Data released yesterday lays bare the true scale of the growing crisis in our prisons. Suicides up 69 per cent in a year. Self-harm up 27 per cent since 2010. Serious assaults up 30 per cent, and the numbers absconding up 10 per cent in a year. One in five prisons rated ‘of concern’ – double the figure 12 months before. Sharp falls in courses to help reform prisoners. Hundreds of sex offenders no longer getting the courses they need to stop them re-offending.
Yet you wouldn’t have known this by what the Justice Secretary was doing yesterday. While he was off giving a speech way outside his own brief, his department slipped out this data. But if Chris Grayling hoped his speech would be a smokescreen, masking these damning statistics on his stewardship of the prisons system, he was spectacularly wrong. Many of today’s papers cover the deterioration in our jails. The Sun newspaper certainly didn’t miss how bad things are getting – its editorial said:
‘Mr Grayling’s priorities, regardless of his budget, must be the security of the public and prison officers – and the welfare of inmates. His department’s failing on all three.’
For many in and around the prisons system, yesterday’s stats weren’t a surprise. They’ve been warning of a growing crisis for some time, as have I. Just 6 weeks ago the Chief Inspector of Prisons warned:
‘…the situation is extremely serious and I am very concerned.’
But the Government’s response was to deny there was a problem. Chris Grayling, ostrich-like, stuck his head in the sand. The lack of leadership is astonishing.
I don’t doubt some of this is embarrassment, as this is a self-inflicted crisis. The government has closed down 18 prisons, many of which were rated good. Those new prisons which began construction under Labour and have opened in the last 4 years – Thameside, Isis and Oakwood – have underperformed and are deemed ‘of concern’ by the Ministry of Justice’s own rating system.
In fact, so many prisons have been closed that the system has gone from having 5,000 spare places to just a few hundred some weeks. Hundreds of prisoners have been put in police station cells; 600 emergency places were bought from private jails at a heavy cost to the taxpayer; and, most recently, 40 of the country’s most overcrowded jails were told to take even more inmates.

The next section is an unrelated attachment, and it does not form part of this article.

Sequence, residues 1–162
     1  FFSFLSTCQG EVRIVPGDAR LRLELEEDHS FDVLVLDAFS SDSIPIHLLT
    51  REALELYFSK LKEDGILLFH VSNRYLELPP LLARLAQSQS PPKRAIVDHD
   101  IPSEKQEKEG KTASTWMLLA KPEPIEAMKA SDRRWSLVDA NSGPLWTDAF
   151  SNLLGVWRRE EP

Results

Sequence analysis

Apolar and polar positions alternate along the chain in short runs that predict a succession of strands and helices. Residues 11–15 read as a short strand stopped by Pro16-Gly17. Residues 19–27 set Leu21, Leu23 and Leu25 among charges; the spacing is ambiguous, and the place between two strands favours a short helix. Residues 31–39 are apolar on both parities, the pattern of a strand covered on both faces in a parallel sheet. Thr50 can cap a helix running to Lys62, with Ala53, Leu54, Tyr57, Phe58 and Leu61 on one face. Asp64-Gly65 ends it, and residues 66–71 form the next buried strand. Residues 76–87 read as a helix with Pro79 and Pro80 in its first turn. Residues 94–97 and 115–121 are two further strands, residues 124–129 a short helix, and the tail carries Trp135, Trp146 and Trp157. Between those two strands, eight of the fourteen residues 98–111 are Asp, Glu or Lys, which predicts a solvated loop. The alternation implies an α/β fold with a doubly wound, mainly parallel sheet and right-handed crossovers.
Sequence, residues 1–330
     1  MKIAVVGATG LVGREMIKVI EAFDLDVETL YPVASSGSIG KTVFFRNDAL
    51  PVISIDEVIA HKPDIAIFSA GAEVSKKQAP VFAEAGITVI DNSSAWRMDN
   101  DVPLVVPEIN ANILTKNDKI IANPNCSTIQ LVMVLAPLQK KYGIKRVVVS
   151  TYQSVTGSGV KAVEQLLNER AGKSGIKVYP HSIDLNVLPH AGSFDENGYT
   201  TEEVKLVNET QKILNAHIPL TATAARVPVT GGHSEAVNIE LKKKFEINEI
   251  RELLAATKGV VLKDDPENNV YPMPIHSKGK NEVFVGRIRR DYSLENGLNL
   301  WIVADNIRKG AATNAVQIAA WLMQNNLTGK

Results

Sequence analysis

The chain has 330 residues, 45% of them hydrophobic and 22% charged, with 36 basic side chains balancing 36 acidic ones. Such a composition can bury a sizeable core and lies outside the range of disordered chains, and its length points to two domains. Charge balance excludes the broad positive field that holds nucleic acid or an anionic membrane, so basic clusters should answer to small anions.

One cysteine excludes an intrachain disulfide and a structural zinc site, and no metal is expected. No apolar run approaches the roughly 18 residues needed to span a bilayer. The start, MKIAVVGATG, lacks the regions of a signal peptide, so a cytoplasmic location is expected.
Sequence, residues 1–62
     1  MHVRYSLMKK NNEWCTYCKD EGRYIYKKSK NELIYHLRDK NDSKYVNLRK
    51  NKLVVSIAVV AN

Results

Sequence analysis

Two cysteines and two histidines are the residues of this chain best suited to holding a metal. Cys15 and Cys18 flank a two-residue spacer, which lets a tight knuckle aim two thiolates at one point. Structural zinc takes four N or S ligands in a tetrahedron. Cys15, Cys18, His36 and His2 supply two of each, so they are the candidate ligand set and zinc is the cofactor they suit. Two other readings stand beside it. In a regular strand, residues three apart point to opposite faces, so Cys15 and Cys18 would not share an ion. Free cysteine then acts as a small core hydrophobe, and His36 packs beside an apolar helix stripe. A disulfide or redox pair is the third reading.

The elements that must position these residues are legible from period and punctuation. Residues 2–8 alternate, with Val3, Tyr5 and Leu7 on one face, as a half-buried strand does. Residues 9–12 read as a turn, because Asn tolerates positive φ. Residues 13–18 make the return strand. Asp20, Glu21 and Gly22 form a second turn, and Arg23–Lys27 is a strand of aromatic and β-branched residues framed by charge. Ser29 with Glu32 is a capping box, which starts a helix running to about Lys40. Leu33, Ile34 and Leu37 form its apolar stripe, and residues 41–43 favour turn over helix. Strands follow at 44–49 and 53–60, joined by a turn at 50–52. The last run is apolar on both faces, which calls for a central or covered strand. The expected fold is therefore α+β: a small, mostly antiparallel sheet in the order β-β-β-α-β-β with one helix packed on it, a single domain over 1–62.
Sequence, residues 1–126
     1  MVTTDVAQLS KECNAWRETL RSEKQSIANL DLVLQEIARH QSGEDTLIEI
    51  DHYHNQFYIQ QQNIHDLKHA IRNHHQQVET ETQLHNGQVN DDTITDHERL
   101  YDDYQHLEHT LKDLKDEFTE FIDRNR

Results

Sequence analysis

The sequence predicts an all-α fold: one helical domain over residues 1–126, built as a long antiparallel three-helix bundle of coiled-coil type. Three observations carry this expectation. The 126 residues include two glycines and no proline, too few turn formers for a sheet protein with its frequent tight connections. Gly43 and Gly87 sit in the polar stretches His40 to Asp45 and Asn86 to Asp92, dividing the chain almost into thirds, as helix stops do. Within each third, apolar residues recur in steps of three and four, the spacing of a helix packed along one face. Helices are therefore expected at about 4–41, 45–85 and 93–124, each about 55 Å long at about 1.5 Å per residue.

And if that wasn’t bad enough, last year £45million of taxpayers’ money was spent on sacking thousands of prison officers. Fast forward a year and the system is so short of staff that many jails are only kept going by bussing in officers who are willing to do overtime from other prisons. Reports of jails locking prisoners in their cells for most of the day are increasingly common. Now, out of desperation, millions is being spent to re-recruit staff previously sacked! You really couldn’t script worse incompetence.
Some will question why any of this matters. Well, 9 out of 10 of those behind bars will be out, walking the streets within a decade. No one wants them to return to a life of crime on their release. Prison rightly is a time of punishment. But it’s also for reform, with courses tackling behavioural problems or health issues, and education and training to give prisoners the skills they need for the outside.
But does anyone seriously think this kind of activity is happening when there’s chronic overcrowding, major staff shortages and violence and death is commonplace? The reality is that the prison crisis is completely of this government’s making and will do nothing to cut re-offending rates. It might even make things worse. That’s why it matters, because this government is putting the public’s safety at risk.
Sadiq Khan is the Shadow Justice Secretary and Labour MP for Tooting.Tags: Chris Grayling, Crime, Law and order, Prisons